“It was a carnage, I can’t get over it”: this was the rescue of the migrants killed in the Chiapas tragedy

It is the heartbreaking portrait of the migratory crisis in Mexico. A truck with at least 160 migrants overturned on Thursday outside Tuxtla Gutiérrez, in the south of the country, and crashed at 100 kilometers per hour into a pedestrian bridge. The cabin where the migrants were going, mostly Guatemalans, exploded on impact and left a trail of bodies on the road. “It was a carnage, I can’t get over it,” says Jorge Gómez González, a neighbor who helped the victims. As of noon this Friday, 55 people had died and at least 106 were hospitalized.

The bridge of death. This is what the neighbors call the site of the tragedy, near the capital of the State of Chiapas. There they witness a different accident every month, they have seen many people die, but never a tragedy of this size. Gómez González has his house right in front of the place. He was stopped Thursday at the entrance of his house around 3:20 when he saw a truck turn the curve at high speed. The vehicle spun out of control, he says, collided first with a utility pole, then a bridge, and broke into two pieces. On the one hand the driver’s cabin and on the other, the compartment with the hundred people.

“With the first impact the box was opened and they shot out. Many were young, there were even children. I’ve never seen this in my life, ”says Gómez González. He was the first to go out to attend, he says, and together with the local residents they spread blankets from their own houses on the ground of the road to lay the bodies there. “I took out a girl about 25 years old, I put something under her head, and after a while she closed her eyes. He died in my hands, ”she says crying. “I can’t get over it, these people were just fighting for something better.”

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No migrant on the list is over 45 years old. The vast majority of them were in their twenties, with a handful not even coming of age. Naymer Fuentes Bravo was one of the first fatalities to be identified. The 30-year-old Guatemalan was transferred to a local hospital and died during surgery. Four more men ran to the same destination, but the authorities could not identify them, and announced their cases with the description of the clothes they were wearing at the time they were rescued from the wreckage of the truck.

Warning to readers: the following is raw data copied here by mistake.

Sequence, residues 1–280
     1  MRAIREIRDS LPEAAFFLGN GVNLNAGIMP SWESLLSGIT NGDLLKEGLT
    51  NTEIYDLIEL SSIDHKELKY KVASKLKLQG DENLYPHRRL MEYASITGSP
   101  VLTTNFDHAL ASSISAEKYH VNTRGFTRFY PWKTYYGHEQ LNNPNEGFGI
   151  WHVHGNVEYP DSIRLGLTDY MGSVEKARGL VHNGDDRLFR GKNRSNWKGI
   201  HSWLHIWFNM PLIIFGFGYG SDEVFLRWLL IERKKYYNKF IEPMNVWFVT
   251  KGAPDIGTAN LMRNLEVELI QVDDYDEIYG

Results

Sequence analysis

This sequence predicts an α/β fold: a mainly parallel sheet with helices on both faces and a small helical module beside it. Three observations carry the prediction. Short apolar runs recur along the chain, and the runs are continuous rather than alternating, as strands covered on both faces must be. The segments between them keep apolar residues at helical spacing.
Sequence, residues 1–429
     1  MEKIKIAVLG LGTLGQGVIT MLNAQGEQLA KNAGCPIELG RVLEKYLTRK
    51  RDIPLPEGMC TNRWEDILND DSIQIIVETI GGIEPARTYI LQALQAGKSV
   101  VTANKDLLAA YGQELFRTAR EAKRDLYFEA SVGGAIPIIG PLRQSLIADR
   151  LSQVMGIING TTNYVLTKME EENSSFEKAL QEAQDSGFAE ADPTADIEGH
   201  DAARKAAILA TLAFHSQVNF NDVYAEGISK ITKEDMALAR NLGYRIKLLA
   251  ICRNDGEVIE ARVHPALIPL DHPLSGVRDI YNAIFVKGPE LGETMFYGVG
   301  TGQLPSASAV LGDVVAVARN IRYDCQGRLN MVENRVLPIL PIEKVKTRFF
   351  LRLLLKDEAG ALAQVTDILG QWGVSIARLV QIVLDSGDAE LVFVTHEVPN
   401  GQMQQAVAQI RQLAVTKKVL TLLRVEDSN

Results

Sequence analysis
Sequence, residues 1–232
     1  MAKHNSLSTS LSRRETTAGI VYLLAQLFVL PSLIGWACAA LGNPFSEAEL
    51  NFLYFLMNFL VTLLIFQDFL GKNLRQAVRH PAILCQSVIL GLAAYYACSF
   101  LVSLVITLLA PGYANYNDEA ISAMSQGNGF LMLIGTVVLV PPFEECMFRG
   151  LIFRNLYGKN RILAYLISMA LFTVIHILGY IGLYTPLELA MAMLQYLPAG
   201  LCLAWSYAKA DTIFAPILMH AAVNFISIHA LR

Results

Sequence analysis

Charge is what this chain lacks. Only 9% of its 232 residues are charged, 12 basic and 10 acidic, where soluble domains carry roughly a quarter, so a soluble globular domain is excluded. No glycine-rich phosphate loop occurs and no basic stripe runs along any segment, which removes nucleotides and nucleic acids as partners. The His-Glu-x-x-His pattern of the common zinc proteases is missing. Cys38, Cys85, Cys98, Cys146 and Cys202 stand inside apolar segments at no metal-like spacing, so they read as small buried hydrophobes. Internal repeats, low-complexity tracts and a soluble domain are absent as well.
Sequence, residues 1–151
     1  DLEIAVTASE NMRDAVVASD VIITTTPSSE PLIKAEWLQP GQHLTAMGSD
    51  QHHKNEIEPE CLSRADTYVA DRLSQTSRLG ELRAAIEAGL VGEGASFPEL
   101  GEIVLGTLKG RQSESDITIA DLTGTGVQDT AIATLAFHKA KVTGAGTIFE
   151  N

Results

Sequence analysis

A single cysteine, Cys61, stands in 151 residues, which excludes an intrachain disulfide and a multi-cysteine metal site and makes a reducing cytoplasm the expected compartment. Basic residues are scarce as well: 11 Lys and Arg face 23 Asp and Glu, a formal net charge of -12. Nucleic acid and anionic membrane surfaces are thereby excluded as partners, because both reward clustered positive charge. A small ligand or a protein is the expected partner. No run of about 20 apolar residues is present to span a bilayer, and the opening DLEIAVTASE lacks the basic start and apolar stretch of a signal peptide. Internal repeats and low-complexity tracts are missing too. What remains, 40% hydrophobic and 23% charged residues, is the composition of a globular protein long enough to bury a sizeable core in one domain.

“The cabin exploded and a bunch of people got out. It was like an accordion, one on top of the other, it was hard to see it ”, says Emanuel Hernández, another neighbor who helped the victims. Those who helped the migrants saw the truck driver flee, who is still at large. But no one paid attention to what he was like or how he was dressed, because the image and the deafening scream of the crying people was more important. Neighbors spent half an hour removing bodies and assisting those who survived, only half of those who traveled, until the authorities arrived.

An everyday drama

The accident is the umpteenth reflection of a tragedy that runs through the country daily, a phenomenon that regained strength a year ago coinciding with the departure of Donald Trump from the White House, the expectations generated by the arrival of Biden and accelerated by the devastation that Hurricanes Iota and Eta left in countries like Honduras. Several populations on the southern and northern borders have become open-air prisons in which thousands of people are trapped waiting to resolve their immigration situation. From time to time fed up pushes some groups to march towards Mexico City to demand regularization. The last caravan left Tapachula, on the border with Guatemala, at the end of October and is approaching the capital these days. Meanwhile, Mexico and Washington are trying to implement a plan to increase investment in Central America that, for now, is only defined on paper. The Mexican president, Andrés Manuel López Obrador, regretted this Friday the slowness of the United States to implement these programs. “Misfortunes like this must serve to resolve migration from the source,” he said.

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The vehicle was traveling from Guatemala to Veracruz, and had passed several police and military checkpoints, including the same border, without being detained or subjected to any search. A group of migrants explained to this newspaper that trips in truck trailers is a practice that has increased a lot in recent times due to the tightening of Mexican immigration policy, something that has pushed them to take more unsafe routes. “We ask the Government to do its job, how can it be that this truck has crossed the border like this? Those who died were people, not animals, ”says Hernández with contained rage.

Juan Manuel Zarzain, head of the local human rights commission, explained that identifying the dead will be a complicated process, because many of them did not even bring documents. “There is no one who identifies them, other than those who were traveling with a surviving relative,” he said. The Mexican authorities hope to be able to locate and transfer the families to Mexico in order to carry out the recognition.

This Friday, the neighbors returned to the scene of the accident to leave an offering and took a priest who improvised a small ceremony. Few of those present were able to sleep the night before. “That image is never taken away from us again,” says Hernández.

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George Holan

George Holan is chief editor at Plainsmen Post and has articles published in many notable publications in the last decade.

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